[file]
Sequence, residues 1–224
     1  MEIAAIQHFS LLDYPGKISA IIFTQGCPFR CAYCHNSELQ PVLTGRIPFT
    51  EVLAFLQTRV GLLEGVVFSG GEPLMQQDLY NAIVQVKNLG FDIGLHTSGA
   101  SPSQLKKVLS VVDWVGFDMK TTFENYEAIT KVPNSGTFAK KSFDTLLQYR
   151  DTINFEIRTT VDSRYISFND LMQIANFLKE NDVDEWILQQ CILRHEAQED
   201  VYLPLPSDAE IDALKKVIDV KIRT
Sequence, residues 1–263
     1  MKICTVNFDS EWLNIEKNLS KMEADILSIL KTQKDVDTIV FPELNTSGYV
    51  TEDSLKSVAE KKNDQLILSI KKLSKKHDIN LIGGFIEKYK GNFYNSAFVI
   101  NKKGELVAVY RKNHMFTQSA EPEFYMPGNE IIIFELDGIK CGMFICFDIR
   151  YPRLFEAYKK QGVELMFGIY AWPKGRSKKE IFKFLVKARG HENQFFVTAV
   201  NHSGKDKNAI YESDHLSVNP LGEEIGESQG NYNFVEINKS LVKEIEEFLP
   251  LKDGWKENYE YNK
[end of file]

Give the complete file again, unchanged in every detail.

Sequence, residues 1–224
     1  MEIAAIQHFS LLDYPGKISA IIFTQGCPFR CAYCHNSELQ PVLTGRIPFT
    51  EVLAFLQTRV GLLEGVVFSG GEPLMQQDLY NAIVQVKNLG FDIGLHTSGA
   101  SPSQLKKVLS VVDWVGFDMK TTFENYEAIT KVPNSGTFAK KSFDTLLQYR
   151  DTINFEIRTT VDSRYISFND LMQIANFLKE NDVDEWILQQ CILRHEAQED
   201  VYLPLPSDAE IDALKKVIDV KIRT
Sequence, residues 1–263
     1  MKICTVNFDS EWLNIEKNLS KMEADILSIL KTQKDVDTIV FPELNTSGYV
    51  TEDSLKSVAE KKNDQLILSI KKLSKKHDIN LIGGFIEKYK GNFYNSAFVI
   101  NKKGELVAVY RKNHMFTQSA EPEFYMPGNE IIIFELDGIK CGMFICFDIR
   151  YPRLFEAYKK QGVELMFGIY AWPKGRSKKE IFKFLVKARG HENQFFVTAV
   201  NHSGKDKNAI YESDHLSVNP LGEEIGESQG NYNFVEINKS LVKEIEEFLP
   251  LKDGWKENYE YNK